Until then, what is happening? You are seeing silver companies like Fortuna Silver Mines, Pan American, and First Majestic all take on gold to keep the lights on. I believe Endeavor now is 60/40 silver to gold. I believe Fortuna is a 27% silver producer, PAAS at 26%, and AG at 50% (they say 55%-60%, but with Jerrit Canyon, I had read multiple sources it is closer to 50%). The point here is strong silver companies are getting squeezed out and can see that unless they take on gold mines for profitability, the lights will go out inside 5-10 years. Remember, for every ounce they produce, they have to perhaps not only find another to replace it, but even another to grow their company.
IF and WHEN silver tectonic plates collide, those with the largest exposure to silver will hit the lottery. This is why a First Majestic just doesn’t switch over everything to gold. Gold pays the bills, but silver is that lottery ticket. Consider many are thinking that in the next few years, gold has a potential to move to $2200-$3000. From $1800 now, it’s a good move, but consider a Discovery metals with 600m oz of silver who could see a silver price inside of 5 years go from $23 to $100 or more. Meaning, exposure to silver IS important, but it’s harder and harder for a silver primary producer to be profitable with these ore grades at $22 silver. Taj Singh was banking on Discovery to be a “home run” over $20 silver. But at $22, you don’t have incredible margins – but at $50 to $100? Dear God.
But isn’t there infinite levels of silver out there? Not quite. While we have found 60b oz already, it is getting harder and harder to find silver, meaning one of two things will happen:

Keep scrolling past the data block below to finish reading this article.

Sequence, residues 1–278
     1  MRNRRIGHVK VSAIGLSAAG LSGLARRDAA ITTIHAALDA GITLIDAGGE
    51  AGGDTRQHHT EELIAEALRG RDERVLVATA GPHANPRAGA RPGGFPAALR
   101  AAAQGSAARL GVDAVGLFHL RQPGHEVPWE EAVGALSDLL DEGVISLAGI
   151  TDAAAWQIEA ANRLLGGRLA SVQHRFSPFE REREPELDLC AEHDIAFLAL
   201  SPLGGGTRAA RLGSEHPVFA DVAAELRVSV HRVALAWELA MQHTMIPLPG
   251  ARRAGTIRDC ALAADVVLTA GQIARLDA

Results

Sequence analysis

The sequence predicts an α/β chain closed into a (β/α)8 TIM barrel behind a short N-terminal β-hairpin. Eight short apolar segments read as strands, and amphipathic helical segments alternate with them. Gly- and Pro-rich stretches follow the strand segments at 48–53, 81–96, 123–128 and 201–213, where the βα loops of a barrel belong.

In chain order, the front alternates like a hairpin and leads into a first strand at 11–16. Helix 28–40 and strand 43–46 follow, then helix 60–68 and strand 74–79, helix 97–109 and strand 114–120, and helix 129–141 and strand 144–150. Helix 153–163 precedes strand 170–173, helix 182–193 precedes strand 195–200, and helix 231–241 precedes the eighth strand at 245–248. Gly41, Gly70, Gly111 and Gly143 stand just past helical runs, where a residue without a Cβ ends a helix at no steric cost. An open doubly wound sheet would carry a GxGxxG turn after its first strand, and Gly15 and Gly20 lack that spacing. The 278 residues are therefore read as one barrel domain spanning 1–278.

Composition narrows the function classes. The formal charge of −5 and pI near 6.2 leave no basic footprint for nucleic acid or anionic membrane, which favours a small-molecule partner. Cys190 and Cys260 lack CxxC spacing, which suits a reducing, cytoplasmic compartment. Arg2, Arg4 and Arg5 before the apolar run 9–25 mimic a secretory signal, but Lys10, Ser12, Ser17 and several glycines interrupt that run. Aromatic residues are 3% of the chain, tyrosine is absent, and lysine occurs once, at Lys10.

- No silver from primary producers to leave us at a 12% deficit yearly in an increasingly high demand of silver society
- Price goes up to support the 12% silver production that primary producers produce.
My Twitter friend Mr. Billy B., who has a striking resemblance to Leslie Nielsen (lol) posted the below picture the other day. I found it fascinating. This is why I’m on Twitter a lot. Great stuff to learn!
When you zoom in on metals, you see this…
This shows that in the earth, overall, silver is found at almost 2:1 of gold. Over 5000 years, it was found and priced at 15:1. My guess is more silver was closer to the surface, easier to mine, and that the rate at which they found it. Keith Neumeyer has repeated many times that they are finding it at 9:1 and 8:1. I believe he even once said 7:1, but don’t quote me on that. That is, to say that finding silver may now be getting more difficult. And more expensive, meaning that most of the near surface silver has been mined.
Now, platinum is something like 30x more rare than gold, but actually just over half the price of it. Many people (like my hard money bitcoiner friends) like to point out that scarce supply makes something valuable. Scarcity alone, sadly, does not. IF true, then why is platinum not 30x the price of gold? Why isn’t gold only 8x more valuable than silver? The truth is, people who tell you something is valuable because it is scarce need to go back to day one of economics where you discuss supply AND demand. Meaning, my kid’s fingerpainting from his daycare is a one-of-a-kind masterpiece. But, if no one WANTS it, and there s ZERO demand for it (business case) then it is worthless. The quantity of supply ONLY matters when demand is factored in. For my bitcoiner friends, you need to let this really sink in, and really understand why Saylor hypes the demand side at all times. I digress…